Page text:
A team led by University of Maine scientists has reported finding a potential link between changes in solar activity and the Earth's climate.
In a paper due to be published in an upcoming volume of the Annals of Glaciology, Paul Mayewski, director of UMaine's Climate Change Institute, and 11 colleagues from China, Australia and UMaine describe evidence from ice cores pointing to an association between the waxing and waning of zonal wind strength around Antarctica and a chemical signal of changes in the sun's output.
At the heart of the paper, Solar Forcing of the Polar Atmosphere, are calcium, nitrate and sodium data from ice cores collected in four Antarctic locations and comparisons of those data to South Pole ice core isotope data for beryllium-10, an indicator of solar activity.
The authors also point to data from Greenland and the Canadian Yukon that suggest similar relationships between solar activity and the atmosphere in the northern hemisphere. They focus on years since 1400 when the Earth entered a roughly 500-year period known as the Little Ice Age.
The researchers' goal is to understand what drives the Earth's climate system without taking increases in greenhouse gases into account, says Mayewski.
"There are good reasons to be concerned about greenhouse gases, but we should be looking at the climate system with our eyes open," he adds. Understanding how the system operates in the absence of human impacts is important for responding to climate changes that might occur in the future.
Mayewski founded the International Transantarctic Scientific Expedition (ITASE) and is the co-author of The Ice Chronicles: The Quest to Understand Global Climate Change, published in 2002 with Frank White. The United States' ITASE office is located at UMaine.
Antarctic locations used in the paper include: Law Dome, a 4,576-foot high ice mound located about 68 miles from the coast facing the Indian Ocean and the site of an Australian research station; Siple Dome, a 2,000-foot high ice covered mound located between two ice streams that flow out of the Transantarctic Mountains into the Ross ice shelf, and the site of a U.S. research station; and two ITASE field sites west of Siple Dome where ice cores were collected during field surveys in 2000 and 2001.
The authors are Mayewski, Kirk A. Maasch, Eric Meyerson, Sharon Sneed, Susan Kaspari, Daniel Dixon, and Erich Osterberg, all from UMaine; Yping Yan of the China Meterological Association; Shichang Kang of UMaine and the Chinese Academy of Sciences; and Vin Morgan, Tas van Ommen and Mark Curran of the Antarctic Climate and Ecosystems CRC in Tasmania.
Since at least the 1840s when sunspot cycles were discovered, scientists have proposed that solar variability could affect the climate, but direct evidence of that relationship and understanding of a mechanism have been lacking.
The ice core data show, the authors write, that when solar radiation increases, more calcium is deposited at Siple Dome and at one of the ITASE field sites.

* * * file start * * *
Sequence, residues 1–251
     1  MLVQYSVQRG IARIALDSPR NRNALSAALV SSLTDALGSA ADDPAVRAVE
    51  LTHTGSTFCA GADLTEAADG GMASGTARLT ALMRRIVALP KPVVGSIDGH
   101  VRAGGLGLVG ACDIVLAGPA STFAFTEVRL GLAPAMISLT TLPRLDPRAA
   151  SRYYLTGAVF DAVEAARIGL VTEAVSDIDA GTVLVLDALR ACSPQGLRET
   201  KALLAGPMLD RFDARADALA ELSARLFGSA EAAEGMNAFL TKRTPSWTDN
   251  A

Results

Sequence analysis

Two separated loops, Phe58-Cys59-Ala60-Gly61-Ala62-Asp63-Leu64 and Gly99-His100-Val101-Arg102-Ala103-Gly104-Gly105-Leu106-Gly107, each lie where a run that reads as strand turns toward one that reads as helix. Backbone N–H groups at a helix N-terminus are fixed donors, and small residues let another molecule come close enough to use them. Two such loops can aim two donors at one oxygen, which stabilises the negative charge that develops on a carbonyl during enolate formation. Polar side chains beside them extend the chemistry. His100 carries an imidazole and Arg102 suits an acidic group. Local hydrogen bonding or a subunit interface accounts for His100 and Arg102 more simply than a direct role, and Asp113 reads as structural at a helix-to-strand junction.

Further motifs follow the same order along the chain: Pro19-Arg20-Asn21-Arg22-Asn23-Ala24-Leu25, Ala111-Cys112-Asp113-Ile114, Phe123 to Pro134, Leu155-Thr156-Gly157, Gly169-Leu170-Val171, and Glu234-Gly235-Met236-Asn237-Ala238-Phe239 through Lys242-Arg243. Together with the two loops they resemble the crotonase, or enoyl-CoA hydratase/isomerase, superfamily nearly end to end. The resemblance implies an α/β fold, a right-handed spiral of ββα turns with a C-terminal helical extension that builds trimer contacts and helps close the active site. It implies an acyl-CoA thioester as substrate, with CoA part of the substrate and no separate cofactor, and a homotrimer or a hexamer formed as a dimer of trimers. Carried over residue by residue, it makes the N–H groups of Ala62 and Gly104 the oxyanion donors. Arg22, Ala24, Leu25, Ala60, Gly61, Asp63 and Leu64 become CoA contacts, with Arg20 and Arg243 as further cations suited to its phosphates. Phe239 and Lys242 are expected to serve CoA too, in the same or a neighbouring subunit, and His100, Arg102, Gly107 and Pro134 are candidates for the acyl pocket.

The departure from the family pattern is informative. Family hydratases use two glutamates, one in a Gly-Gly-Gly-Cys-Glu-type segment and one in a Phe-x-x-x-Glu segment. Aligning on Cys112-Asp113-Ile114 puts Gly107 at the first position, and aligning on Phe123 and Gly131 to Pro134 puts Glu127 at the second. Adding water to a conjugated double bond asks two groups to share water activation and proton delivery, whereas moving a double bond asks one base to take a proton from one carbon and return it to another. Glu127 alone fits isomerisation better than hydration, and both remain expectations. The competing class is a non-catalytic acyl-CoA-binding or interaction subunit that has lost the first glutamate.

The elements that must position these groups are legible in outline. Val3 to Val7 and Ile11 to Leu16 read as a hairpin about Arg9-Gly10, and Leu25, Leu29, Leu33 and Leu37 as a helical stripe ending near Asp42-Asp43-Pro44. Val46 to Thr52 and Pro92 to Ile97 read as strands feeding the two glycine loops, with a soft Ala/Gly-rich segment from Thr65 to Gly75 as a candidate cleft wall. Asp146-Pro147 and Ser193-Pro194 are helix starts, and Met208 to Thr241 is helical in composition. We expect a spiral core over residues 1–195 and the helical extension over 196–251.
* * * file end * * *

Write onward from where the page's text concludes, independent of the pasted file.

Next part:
The additional calcium may reflect an increase in wind strength in mid-latitude regions around Antarctica, they add, especially over the Indian and Pacific Oceans. Calcium in West Antarctic ice cores is thought to derive mainly from dust in Australia, Africa and South America and from sea salt in the southern ocean.
That finding, they note, is consistent with other research suggesting that the sun may affect the strength of those mid-latitude winds through changes in stratospheric ozone over Antarctica.
The authors also refer to sodium data from Siple Dome ice cores that have been reported by Karl Kreutz, director of UMaine's stable isotope laboratory. Changes in sodium appear to be associated with air pressure changes over the South Pacific.
Ice core data from Law Dome focus on changes in nitrate and may reflect changing wind patterns over Antarctica. The wind currents that bring nitrate to the continent, however, are less well known than those that carry sodium and calcium.
Researchers in the UMaine Climate Change Institute have focused on the relationship between solar variability and climate, particularly the use of isotopes in tree rings and ice cores to provide an indication of the sun's strength. The ice core data reported in the paper demonstrates a direct atmospheric consequence associated with changing solar radiation.
Climate Change At Maine
Subscribe To SpaceDaily Express
NASA Study Finds Tiny Particles In Air May Influence Carbon Sinks
Greenbelt MD (SPX) Dec 17, 2004
A NASA-funded study provides direct measurements confirming aerosols, tiny particles in the atmosphere, may be changing how much carbon plants and ecosystems absorb from or release to the air.
|The content herein, unless otherwise known to be public domain, are Copyright 1995-2016 - Space Media Network. All websites are published in Australia and are solely subject to Australian law and governed by Fair Use principals for news reporting and research purposes. AFP, UPI and IANS news wire stories are copyright Agence France-Presse, United Press International and Indo-Asia News Service. ESA news reports are copyright European Space Agency. All NASA sourced material is public domain. Additional copyrights may apply in whole or part to other bona fide parties. Advertising does not imply endorsement, agreement or approval of any opinions, statements or information provided by Space Media Network on any Web page published or hosted by Space Media Network. Privacy Statement All images and articles appearing on Space Media Network have been edited or digitally altered in some way. Any requests to remove copyright material will be acted upon in a timely and appropriate manner. Any attempt to extort money from Space Media Network will be ignored and reported to Australian Law Enforcement Agencies as a potential case of financial fraud involving the use of a telephonic carriage device or postal service.|